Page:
How to Talk to Strangers About Your Artwork
Being able to concisely describe what it is you do as an artist may sound easy, but it’s not. We’re always amazed by the number of Redbubble artists who have chosen to forgo writing a proper introduction in their RB shops because they simply cannot put together a quick pitch for the following questions:
Who are you? What are you? What makes your stuff interesting? Why should anyone care?
Answering these questions can be daunting. But it’s important to figure how to pitch yourself to prospective customers. There’s a lot of information zipping around out there and you have only a few seconds to peel someone’s eyeballs from whatever Internet nonsense they’re consuming to pay attention to the goods you’re selling. It might feel like you’re approaching total strangers and inundating them with something they did not ask for (you), and it is a lot like that, but remember, people think your designs and photos are cool. They want to buy them. That’s why they’re cruising around Redbubble. They want tees and stickers and pillows and mugs featuring unique independent art. So it might as well be your independent art, right?
We’ve put together a few easy steps you can take to work through the ins-and-outs of talking to total strangers about your heartfelt passion both online and in person.
1. Prepare one sentence
Sum up your work so anybody, regardless of their artistic background, can understand it. Who are you? What kind of art do you make? You’re answers can be either first person or third.
First person: My name is Art Artist and I am photographer who specializes in portraits of terrifying circus clowns.
Third person: Art Artist is a photographer who specializes in portraits of terrifying circus clowns.
After you’ve got that, read it out loud. Do it in front of a mirror, in the shower, or with your dog. Get used to saying it. Make sure it sounds good. This is what business folks call an elevator pitch. Your elevator pitches are great for Twitter or Instagram bios, and in-person chats.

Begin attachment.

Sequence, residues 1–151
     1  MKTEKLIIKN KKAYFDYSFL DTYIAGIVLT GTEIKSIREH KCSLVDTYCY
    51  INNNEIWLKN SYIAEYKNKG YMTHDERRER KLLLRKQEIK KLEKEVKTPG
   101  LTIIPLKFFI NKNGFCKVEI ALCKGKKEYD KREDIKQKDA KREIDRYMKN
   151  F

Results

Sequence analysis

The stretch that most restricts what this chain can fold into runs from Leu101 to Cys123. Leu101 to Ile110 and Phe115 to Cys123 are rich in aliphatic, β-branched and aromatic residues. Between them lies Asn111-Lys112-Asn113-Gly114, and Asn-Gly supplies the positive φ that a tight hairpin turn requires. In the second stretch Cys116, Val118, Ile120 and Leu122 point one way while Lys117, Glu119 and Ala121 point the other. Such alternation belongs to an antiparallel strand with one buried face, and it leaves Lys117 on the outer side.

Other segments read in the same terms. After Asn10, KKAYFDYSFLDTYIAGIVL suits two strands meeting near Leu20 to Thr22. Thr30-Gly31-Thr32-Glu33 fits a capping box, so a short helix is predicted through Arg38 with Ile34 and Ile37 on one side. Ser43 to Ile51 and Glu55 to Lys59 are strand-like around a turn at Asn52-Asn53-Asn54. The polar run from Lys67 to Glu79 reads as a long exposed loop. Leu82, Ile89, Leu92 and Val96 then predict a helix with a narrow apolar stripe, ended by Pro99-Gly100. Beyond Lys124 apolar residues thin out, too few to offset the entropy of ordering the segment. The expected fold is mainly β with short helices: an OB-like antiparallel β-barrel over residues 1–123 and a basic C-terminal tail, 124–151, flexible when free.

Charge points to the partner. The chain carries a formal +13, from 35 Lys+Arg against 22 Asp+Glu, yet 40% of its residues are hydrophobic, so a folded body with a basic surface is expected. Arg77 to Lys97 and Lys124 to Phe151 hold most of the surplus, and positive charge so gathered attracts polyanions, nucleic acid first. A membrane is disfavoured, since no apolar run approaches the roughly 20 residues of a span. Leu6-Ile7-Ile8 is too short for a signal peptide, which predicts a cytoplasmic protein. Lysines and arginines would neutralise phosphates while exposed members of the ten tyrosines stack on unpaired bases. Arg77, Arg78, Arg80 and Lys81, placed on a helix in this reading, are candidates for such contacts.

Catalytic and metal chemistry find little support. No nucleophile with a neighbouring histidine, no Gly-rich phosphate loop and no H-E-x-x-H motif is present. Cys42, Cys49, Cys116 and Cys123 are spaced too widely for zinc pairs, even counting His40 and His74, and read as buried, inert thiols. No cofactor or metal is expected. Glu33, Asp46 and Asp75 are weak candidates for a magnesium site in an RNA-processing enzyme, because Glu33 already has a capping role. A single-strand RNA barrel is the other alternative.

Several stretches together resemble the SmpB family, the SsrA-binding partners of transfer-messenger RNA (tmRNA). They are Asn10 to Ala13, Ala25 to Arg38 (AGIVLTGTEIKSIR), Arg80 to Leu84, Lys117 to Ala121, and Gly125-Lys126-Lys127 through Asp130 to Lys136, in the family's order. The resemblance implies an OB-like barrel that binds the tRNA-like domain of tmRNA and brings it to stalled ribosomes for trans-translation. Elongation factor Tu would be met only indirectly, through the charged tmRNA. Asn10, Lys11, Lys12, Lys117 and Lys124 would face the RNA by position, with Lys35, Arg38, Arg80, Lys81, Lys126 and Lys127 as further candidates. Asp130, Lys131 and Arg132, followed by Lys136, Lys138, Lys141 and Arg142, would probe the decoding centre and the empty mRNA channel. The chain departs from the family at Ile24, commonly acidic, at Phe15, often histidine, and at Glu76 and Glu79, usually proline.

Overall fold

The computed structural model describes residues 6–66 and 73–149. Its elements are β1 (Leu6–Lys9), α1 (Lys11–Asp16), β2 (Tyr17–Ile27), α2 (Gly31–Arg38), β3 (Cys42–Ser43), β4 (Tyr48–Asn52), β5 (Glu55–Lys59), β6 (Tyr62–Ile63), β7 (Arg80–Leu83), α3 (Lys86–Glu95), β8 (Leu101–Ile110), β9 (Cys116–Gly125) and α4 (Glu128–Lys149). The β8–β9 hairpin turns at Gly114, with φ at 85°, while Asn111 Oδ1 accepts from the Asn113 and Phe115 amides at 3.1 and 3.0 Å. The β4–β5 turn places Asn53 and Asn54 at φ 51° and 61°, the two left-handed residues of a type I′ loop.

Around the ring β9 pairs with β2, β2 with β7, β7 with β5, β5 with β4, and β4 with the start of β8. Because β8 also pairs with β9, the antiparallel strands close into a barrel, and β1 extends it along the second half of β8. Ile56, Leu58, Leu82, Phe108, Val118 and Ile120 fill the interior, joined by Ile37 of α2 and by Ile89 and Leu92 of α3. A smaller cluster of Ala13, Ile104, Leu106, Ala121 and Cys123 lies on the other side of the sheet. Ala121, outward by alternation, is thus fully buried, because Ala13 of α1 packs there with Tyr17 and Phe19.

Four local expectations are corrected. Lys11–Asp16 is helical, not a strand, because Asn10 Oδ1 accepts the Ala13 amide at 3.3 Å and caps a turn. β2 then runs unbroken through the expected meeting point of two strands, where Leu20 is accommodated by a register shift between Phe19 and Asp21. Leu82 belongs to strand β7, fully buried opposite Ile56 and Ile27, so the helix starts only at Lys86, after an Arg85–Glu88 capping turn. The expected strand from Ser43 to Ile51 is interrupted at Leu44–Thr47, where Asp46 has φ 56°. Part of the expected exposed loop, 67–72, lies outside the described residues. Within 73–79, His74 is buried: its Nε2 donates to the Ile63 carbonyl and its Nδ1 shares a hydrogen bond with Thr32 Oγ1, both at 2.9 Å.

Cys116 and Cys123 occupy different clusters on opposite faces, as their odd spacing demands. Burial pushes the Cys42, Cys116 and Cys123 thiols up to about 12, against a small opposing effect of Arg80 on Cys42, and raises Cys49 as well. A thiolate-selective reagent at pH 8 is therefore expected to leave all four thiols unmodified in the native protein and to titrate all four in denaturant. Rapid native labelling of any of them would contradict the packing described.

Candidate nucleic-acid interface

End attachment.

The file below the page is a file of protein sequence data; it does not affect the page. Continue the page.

2. Expand it
Once you’ve got your elevator pitch down, flesh it out to a few sentence. Think about adding what makes your art special, what you have done of note, and maybe a dash of personality. This version will be perfect for your Redbubble shop and your personal website. Work with your strengths and explore how you label your artwork and simplify when necessary. Instead of saying that you create, “noir pop-surrealist digital paintings” perhaps say you’re focusing on digital portraits. Obviously, tailor this to your intended audience but the rule of thumb is, keep it simple.
Here’s a nice example from the profile of Redbubble artist Andrew Henry:
Andrew Henry is a freelance illustrator based in Brooklyn. He was born in Los Angeles and grew up in Kirkland, WA, near Seattle. He spent a lot of time in nature growing up in the Pacific NW, and when he wasn’t exploring local forests and beaches he was watching bad sci-fi and horror films for laughs. Those influences are still evident in his work today in his off-kilter sense of humor and cartoonish naturalism. Mostly self-taught, he’s been drawing since he could hold a pen. There’s a strong narrative element in his work, which can be seen in works ranging from t-shirt graphics to comics.
3. Beef up on background
Take the time to learn all the common names and genres that your artwork might fall under. If you create pop-surrealist portraits, make sure you have a general idea of the history of surrealism, or what popular modern noir surrealist artists are influencing other artists at the moment. While you should always focus on keeping things simple, but you should definitely have plenty of background info so you know what you’re getting yourself into, especially if using your pitch in person. Don’t get in over your head.
4. Be prepared for questions
This one really applies for in-person chats.
Be ready to field questions from people who know NOTHING about what you do. It’s okay. They’re probably just curious and interested in what you do, so be patient. We’re sure you’ve already experienced the phenomena of extended family members or clueless friends of friends who ask you some ridiculous questions about your creative work. Just like step one, practice smiling and nodding when someone asks you how THEY can be an artist like you because it seems “fun” and “easy” to just “hang out and draw all day.” Be nice.
This is the most exciting and challenging part of speaking to total strangers about your artwork. When speaking of your own art practice, keep things open and general as much as you can. Keep the conversation going by sharing what creative plans and goals you have coming up in the future months. Just like you’re an expert on your own artworks, you’re an expert and knowing what exciting creative plans you’ve got cooking.
5. Update your shop profile
Head to the account settings section of your profile and update your “Short Bio” with your elevator pitch and your “Public Profile” with the longer version you worked out in step 2.
You want to update these sections pictured here: